Today, the State of California’s Governor, Gavin Newsom, signed into law the Fair Pay to Play Act which will allow California college athletes to legally begin earning money by means of selling the rights to their name, image or likeness to outside bidders without facing penalties from their respective school.
The legislation will certainly change the landscape of the current NCAA and collegiate university business models when the law goes into effect in January 2023. Athletes in California will be allowed to hire agents and seek out endorsement deals. Endorsement compensation will be legal and permitted at any time, except when the player’s and universities’ brands conflict while engaged in team-competition, where the team or school’s brand will take precedent as the only allowable brand to be represented during competitive activities.
The NCAA feels the law raises concerns regarding the distinction between amateur and professional athletics, as well as a fear that the goal of providing a level playing field will not be possible for 1,100 affiliated schools and nearly a half-million student athletes nationwide.
Currently, other states are working to pass similar laws. Also, legislation regarding the matter has been proposed on a federal level, which if passed would require the NCAA to change from it’s status as a “tax-exempt” organization, in the event the orginization continues punishing student-athletes for financially benefiting from their name, brand or likeness.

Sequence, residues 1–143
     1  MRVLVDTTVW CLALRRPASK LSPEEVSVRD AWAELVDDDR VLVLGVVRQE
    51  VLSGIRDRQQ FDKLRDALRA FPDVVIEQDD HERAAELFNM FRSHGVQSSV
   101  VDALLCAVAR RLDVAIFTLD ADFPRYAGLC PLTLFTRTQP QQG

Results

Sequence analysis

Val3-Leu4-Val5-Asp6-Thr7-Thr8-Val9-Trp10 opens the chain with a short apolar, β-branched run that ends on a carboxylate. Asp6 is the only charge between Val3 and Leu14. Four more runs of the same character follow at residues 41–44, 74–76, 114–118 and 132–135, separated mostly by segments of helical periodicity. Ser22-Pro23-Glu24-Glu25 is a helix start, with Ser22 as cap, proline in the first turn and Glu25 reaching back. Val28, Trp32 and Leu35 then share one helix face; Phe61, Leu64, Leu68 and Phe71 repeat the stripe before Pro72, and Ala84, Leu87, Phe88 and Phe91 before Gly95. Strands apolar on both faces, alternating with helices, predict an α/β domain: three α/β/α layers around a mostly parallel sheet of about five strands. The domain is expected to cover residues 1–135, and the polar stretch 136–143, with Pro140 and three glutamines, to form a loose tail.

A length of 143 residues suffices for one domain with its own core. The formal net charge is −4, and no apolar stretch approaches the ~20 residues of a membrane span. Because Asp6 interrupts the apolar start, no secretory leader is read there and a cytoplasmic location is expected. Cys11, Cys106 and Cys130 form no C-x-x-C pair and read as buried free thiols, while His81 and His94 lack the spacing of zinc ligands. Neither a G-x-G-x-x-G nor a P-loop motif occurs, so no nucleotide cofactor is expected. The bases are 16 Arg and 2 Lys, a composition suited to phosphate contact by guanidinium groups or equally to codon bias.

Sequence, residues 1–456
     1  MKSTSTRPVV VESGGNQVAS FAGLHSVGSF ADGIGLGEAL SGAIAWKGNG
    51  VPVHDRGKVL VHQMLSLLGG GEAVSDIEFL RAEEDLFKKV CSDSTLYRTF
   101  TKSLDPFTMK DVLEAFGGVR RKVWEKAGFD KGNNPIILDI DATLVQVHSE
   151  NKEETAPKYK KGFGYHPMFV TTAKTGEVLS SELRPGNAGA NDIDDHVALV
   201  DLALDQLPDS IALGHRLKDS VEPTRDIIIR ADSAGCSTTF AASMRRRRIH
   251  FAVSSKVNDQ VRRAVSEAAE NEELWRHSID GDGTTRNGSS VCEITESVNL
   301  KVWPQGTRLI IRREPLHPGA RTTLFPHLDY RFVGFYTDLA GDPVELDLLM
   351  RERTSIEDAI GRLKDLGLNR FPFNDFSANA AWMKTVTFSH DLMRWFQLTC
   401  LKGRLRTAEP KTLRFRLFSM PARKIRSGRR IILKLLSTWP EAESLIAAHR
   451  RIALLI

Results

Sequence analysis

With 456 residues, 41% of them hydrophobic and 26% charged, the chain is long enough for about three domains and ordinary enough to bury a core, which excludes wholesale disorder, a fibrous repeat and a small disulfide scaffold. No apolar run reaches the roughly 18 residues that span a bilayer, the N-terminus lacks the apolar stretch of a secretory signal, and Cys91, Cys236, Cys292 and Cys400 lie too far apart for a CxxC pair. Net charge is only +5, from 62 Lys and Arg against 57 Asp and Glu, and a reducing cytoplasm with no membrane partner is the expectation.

NCAA rules currently prohibit student-athletes from earning compensation related to their status as a college athlete from outside sources. As of now, the NCAA maintains they intend to continue enforcing the rule, which would make players and teams ineligible for competition. The organization also says they are currently engaged in modernizing their rules and policies in accordance with 21st century legislation.
After decades of debate on whether or not student-athletes should receive compensation for their participation in collegiate competition, which has grown into a billion-dollar industry, athletes will finally be able to monetize themselves as a brand. However, universities and colleges will NOT be compensating these athletes for their efforts.
The off-field victory by legislators provides a big win for student athletes whose efforts are being taken advantage of. Yes, these young people are receiving free education for their efforts. However, the equity they hold in this billion-dollar industry is miniscule. The NCAA wants to provide a level playing field for all athletes, yet doesn’t want to level the playing field regarding monetary compensation for their “employees”.
However, this is a losing situation for everyone involved. Although I believe the change is necessary in terms of fairness to the student athletes, the legislation will open up the flood-gates and create a world of problems for those same athletes, their families and respective schools. College sports are unique in the fact they are the pinnacle of amateur athletics and only a breath away from professionalism. That uniqueness will begin to dissipate as athletes will settle for endorsement compensation, while also losing their hunger to reach the upper-echelon of competitive sports. Basically, it’s official that the NCAA is now the “minor league” of professional sports…
Header Photo Credit: The Unafraid Show